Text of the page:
Wabi-Sabi: Beauty In The Imperfect
Blog Post By: Anabia Jamshed
Note to reader: These are the thoughts penned by one of our registered Artists.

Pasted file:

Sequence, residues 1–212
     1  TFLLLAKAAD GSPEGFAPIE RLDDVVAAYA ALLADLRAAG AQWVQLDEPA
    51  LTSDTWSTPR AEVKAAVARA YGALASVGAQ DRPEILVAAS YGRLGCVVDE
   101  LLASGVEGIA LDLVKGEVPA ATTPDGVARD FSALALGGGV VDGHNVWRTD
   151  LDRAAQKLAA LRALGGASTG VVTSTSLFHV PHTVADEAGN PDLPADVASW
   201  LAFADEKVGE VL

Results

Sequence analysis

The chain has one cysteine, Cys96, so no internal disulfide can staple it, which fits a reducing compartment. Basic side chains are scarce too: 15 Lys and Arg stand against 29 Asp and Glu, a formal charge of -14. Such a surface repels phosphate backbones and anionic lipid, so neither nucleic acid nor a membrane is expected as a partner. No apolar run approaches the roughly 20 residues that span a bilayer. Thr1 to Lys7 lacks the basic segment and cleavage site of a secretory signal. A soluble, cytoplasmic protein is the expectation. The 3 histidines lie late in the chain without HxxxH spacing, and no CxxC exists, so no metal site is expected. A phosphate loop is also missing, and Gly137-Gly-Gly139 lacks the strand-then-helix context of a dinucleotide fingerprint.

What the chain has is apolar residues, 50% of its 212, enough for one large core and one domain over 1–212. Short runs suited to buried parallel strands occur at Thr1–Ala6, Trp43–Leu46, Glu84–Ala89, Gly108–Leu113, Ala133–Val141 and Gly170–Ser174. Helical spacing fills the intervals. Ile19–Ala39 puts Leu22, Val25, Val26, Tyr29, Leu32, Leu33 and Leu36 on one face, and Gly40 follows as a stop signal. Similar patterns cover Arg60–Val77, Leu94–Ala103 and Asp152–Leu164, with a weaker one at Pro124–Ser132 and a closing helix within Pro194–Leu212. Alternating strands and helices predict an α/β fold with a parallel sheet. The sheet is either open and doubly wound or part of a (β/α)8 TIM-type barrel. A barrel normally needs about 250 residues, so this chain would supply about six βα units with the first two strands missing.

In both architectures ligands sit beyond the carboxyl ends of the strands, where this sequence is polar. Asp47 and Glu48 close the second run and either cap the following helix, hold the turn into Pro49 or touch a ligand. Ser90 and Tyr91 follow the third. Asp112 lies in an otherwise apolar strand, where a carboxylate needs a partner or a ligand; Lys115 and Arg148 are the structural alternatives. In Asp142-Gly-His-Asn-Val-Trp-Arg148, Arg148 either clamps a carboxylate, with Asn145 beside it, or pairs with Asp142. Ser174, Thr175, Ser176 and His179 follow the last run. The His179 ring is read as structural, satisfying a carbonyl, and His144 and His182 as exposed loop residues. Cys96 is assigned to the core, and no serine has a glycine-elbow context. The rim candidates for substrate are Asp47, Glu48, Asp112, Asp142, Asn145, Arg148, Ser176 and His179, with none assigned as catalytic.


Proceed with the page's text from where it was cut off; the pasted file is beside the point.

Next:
Each of my creations presents a story in itself. It must never be out of any context at all! After all, it is the era of personalizing, storytelling and emanating a nostalgic, cozy, snug and homey vibe! This one in particular is closest to my heart, mainly because it’s based on the Japanese design philosophy of ‘wabi-sabi’ - beauty in the imperfect, incomplete and the impermanent. As I studied more of it for my thesis, which was part of my Masters Degree in Interior Design, it grew on me and I started relating more and more with it. That is when I attempted to encapsulate the gist of this beautiful philosophy in the form of this ‘shadow box wall hanging’. Some of the core spiritual pillars of the primitive/ancient Japanese ideology and belief include the belief in harmony, respect, purity, tranquility, anti-rationalism, transcendental truth and leading an unencumbered life. This shadow box in particular, attempts to embody the essence of the ancient ‘Japanese tea house’ - the Japanese tea ceremony in spirit, principle and as a moment in time creating experience. The tea-making process itself is as simple as fetching water, collecting firewood for boiling, preparing tea and ultimately serving it. Instead of expensive/conventionally beautiful utensils, warm bamboo tea scoops made of virtue of their age for example, and handcrafted bamboo vases are employed; a whiff of the ‘perfectly imperfect’, ‘age’ and ‘patina’. A successful ceremony is to leave its participants with a feeling of ‘jaku’ - tranquility and ‘Sei’ - Purity. In creating this shadow box I have humbly attempted to reflect upon all the aforementioned. Amongst other mediums, I used wax and patina pastes to create the rusted and ‘aged’ look; also I used tools to create cracks in the wood in certain places to reflect the wabi-sabi imperfection.